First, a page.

Philippine Canadian News.com
December 25, 2016
By Ted Alcuitas
It was the best of times, it was the worst of times.
As we reflect on the year about to end and look forward to a new year, one can say that 2016 was the worst of times not only for our motherland the Philippines,but for the United States of America and indeed, throughout the world.
In the Philippines, a new breed of leader came to power in June. Rodrigo Duterte was elected on the promise of getting tough on crime especially the drug problem. Less than six months into his term his “drug war”has turned the country into a killing field with close to 6,000 so-called drug addicts killed by either vigilantes or police. The killings, sanctioned by Duterte (bragging that he has pulled the trigger himself when he was mayor of Davao) is sending a chill to Filipinos who fear that they could fall victim to the indiscriminate killings euphemistically labelled ‘extra-judicial killings’ – meaning there is no due process.
The police acts as ‘judge, jury and executioner’.
The killings has been denounced both in the Philippines and abroad but Duterte remains adamant that he is doing the right thing. He vehemently and routinely lashes back at critics with his signature foul-mouthed expletives.
Yet, in a country reputed to be the only Catholic country in the region, the killings are apparently supported by the people despite appeals by the hierarchy to stop it.
The situation is spawning a spate of anti-Duterte movements and equally so, a determined movement of Duterte supporters. Using social media as their weapon,the language and vitriol of the discourse is escalating to a virtual cyber war.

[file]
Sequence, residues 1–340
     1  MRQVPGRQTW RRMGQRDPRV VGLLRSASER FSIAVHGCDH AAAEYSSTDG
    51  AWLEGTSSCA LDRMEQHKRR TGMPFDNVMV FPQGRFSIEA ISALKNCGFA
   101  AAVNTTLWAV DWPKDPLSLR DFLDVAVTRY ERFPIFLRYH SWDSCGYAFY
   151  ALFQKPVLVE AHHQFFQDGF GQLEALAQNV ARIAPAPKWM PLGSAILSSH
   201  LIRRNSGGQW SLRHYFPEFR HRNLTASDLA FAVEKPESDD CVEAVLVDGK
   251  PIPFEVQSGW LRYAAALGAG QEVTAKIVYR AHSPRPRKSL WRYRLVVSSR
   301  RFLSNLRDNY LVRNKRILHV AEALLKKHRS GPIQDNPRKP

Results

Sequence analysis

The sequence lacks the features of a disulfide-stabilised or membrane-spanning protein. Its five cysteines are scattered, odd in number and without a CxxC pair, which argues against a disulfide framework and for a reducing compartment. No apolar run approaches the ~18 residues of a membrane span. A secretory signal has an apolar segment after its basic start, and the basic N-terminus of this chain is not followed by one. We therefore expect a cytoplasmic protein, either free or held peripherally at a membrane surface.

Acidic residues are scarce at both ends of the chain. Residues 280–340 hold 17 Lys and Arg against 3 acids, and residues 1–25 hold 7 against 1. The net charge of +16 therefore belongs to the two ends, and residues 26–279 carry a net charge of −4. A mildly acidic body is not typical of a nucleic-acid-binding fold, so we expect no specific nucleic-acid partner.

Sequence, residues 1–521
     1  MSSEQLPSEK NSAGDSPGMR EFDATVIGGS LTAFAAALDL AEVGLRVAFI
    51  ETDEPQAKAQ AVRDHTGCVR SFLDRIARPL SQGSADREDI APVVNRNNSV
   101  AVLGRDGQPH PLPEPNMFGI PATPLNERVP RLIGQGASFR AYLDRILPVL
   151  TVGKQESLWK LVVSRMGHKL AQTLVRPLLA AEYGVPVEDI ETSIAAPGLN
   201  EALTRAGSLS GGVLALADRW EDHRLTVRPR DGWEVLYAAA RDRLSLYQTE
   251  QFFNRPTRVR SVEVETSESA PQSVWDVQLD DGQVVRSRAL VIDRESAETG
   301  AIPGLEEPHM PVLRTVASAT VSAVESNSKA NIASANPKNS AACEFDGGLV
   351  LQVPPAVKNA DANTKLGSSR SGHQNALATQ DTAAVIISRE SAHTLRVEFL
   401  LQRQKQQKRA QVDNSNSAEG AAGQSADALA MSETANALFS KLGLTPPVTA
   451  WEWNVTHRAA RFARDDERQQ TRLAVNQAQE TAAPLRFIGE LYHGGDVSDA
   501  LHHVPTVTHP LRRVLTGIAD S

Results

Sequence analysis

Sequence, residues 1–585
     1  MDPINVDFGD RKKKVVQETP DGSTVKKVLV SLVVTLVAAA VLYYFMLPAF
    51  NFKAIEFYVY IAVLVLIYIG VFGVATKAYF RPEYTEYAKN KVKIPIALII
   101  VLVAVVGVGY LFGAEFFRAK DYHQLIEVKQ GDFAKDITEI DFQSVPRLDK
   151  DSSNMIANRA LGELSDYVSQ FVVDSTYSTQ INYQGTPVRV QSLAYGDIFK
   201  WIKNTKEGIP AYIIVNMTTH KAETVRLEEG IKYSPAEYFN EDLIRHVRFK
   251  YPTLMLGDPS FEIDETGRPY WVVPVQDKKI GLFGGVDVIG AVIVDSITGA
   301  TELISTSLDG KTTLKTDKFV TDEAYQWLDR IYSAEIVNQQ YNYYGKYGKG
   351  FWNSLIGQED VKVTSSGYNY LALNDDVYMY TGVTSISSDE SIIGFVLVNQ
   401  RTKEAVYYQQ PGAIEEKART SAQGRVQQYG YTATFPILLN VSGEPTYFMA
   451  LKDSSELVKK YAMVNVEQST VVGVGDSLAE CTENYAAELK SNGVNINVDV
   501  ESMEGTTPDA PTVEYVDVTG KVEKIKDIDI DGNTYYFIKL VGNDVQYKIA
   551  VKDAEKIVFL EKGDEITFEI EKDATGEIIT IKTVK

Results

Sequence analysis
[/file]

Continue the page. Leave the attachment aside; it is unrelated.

The obsession with killings has eclipsed Duterte’s good decisions – the reopening of the peace process with the Reds, his progressive appointments of left-leaning cabinet ministers which has already implemented pro-people initiatives,the announcement of free-tuition for state-run schools as well as free hospitalization, etc.
Amidst this background of conflict in the Philippines and the looming threat of martial law, we see hope in the youth who have taken up the cudgels in the fight against authoritarianism and formed the vanguard of protests.
That is why we choose the painting of The Madonna and Child because we hope that the Philippines and the world will strive to be a more loving and compassionate one, despite the darkness that envelopes it at this moment.
We need to lift up the wounded in our arms whoever they maybe – the victims of the drug war and their widows and the children left behind, the people of Aleppo in Syria and the hundreds of thousands of refugees, the vulnerable people in the U.S. who are being targeted for their class.
May Peace come to us all!